The brain is a supersystem of systems. Each system is composed of an elaborate interconnection of small but macroscopic cortical regions and subcortical nuclei, which are made of microscopic local circuits, which are made of neurons, all of which are connected by synapses (Damasio 1994:30).

Neurons must be triggered by a stimulus to produce nerve impulses, which are waves of electrical charge moving along the nerve fibres. When the neuron receives a stimulus, the electrical charge on the inside of the cell membrane changes from negative to positive. A nerve impulse travels down the fibre to a synaptic knob at its end, triggering the release of chemicals (neurotransmitters) that cross the gap between the neuron and the target cell, stimulating a response in the target (Baggaley 2001:104).

Damasio (1994) describes the neural underpinnings of reason and challenges Cartesian dualisms of mind/body, emotions/reason. Feelings and logical thinking are not like oil and water.
The “body [. . .] represented in the brain [constitutes] an indispensable frame of reference for the neural process that we experience as the mind (Damasio 1994:xvi).”

Our bodies are the ground reference for the construction we make of the world. Our embodied selves construct the ever-present sense of subjectivity, our experience. The body becomes is the instrument through which we construct our most refined thoughts and actions (Damasio 1994:xvi).

Baggaley, Ann, Ed. (2001), “Anatomy of the Human Body,” Human Body, Dorling Kindersley Publishing: NY, p. 104.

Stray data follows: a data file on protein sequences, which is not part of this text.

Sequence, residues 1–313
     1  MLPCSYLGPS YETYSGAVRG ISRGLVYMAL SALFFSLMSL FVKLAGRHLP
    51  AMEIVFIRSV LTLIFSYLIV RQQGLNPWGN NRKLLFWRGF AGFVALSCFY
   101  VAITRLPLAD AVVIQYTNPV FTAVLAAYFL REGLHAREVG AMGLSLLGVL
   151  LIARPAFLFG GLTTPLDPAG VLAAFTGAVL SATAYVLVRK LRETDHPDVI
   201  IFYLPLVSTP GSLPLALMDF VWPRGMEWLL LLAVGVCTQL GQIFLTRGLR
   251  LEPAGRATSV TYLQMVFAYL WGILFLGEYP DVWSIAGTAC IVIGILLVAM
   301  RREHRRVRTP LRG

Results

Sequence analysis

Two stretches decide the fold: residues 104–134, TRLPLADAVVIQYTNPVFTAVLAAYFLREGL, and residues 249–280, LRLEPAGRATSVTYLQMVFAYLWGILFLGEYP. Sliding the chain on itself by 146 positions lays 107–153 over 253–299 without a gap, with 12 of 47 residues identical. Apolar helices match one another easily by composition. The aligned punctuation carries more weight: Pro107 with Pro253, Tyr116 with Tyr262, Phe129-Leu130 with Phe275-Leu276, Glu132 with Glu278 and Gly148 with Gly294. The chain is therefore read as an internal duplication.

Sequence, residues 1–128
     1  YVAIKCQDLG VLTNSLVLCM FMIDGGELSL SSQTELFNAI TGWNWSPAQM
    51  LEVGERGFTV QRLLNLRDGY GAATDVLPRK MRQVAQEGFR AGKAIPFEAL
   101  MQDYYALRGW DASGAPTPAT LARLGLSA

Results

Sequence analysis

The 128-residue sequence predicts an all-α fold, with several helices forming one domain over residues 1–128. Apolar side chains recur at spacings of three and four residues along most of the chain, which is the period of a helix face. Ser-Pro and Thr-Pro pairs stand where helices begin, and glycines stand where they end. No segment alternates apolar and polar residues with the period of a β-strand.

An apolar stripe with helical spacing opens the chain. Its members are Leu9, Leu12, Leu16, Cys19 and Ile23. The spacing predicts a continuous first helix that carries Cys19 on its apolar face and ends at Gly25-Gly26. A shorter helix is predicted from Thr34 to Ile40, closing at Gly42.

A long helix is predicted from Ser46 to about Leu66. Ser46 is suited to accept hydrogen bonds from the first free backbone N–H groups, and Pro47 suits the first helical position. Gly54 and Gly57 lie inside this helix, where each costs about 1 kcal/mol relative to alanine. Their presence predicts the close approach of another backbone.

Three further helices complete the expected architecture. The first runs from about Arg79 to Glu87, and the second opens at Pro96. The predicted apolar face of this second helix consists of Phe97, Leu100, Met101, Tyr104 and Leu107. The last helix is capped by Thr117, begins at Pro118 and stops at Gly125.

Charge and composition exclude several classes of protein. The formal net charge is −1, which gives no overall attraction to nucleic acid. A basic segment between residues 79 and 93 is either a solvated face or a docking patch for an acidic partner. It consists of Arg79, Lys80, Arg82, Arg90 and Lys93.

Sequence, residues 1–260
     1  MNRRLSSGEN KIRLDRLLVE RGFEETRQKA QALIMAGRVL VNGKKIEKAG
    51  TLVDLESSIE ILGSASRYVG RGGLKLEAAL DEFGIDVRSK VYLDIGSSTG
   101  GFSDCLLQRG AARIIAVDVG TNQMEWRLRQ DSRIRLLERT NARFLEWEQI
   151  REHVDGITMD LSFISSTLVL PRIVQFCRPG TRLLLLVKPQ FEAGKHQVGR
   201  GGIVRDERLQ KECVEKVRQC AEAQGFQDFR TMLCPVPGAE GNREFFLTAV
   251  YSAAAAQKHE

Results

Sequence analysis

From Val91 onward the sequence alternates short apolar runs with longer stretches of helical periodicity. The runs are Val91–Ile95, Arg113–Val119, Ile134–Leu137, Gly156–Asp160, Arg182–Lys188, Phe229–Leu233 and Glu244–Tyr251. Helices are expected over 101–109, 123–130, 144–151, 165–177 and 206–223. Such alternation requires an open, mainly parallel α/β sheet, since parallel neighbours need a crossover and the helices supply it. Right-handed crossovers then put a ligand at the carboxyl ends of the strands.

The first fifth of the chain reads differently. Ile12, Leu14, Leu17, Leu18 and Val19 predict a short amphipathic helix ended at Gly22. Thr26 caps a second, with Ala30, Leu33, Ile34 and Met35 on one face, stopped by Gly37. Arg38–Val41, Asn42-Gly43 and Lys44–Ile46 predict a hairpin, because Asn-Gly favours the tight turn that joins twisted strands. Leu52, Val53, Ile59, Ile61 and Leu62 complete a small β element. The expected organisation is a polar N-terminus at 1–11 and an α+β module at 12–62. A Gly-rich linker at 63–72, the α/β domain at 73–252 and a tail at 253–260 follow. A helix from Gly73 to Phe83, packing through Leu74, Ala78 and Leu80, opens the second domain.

Damasio, Antonio R., 1994, Descartes’ Error: Emotion, Reason, and the Human Brain, Grosset/Putnam: New York.

Damasio, Hanna, (1994) “Gage’s skull, illustrations” in Damasio, Antonio R., 1994, Descartes’ Error: Emotion, Reason, and the Human Brain, Grosset/Putnam: New York. p. 31-2.

Johnson, Graham, (2005), “The Synapse Revealed,” 23 September 2005, Science Magazine and the National Science Foundation.

The first place winner of the Science and Engineering Visualization Challenge was Graham Johnson from Medical Media, Boulder, Colorado. His image is described on Science Magazine’s web page:
Deep inside the brain, a neuron prepares to transmit a signal to its target. To capture that fleeting moment, Graham Johnson based this elegant drawing on ultra-thin micrographs of sequential brain slices. After scanning a sketch into 3D modeling software, he colored the image and added texture and glowing lighting reminiscent of a scanning electron micrograph.

Uploaded by ocean.flynn on 29 Nov 2006, 9.59AM MDT.

One Response to “Synaptic Gasp”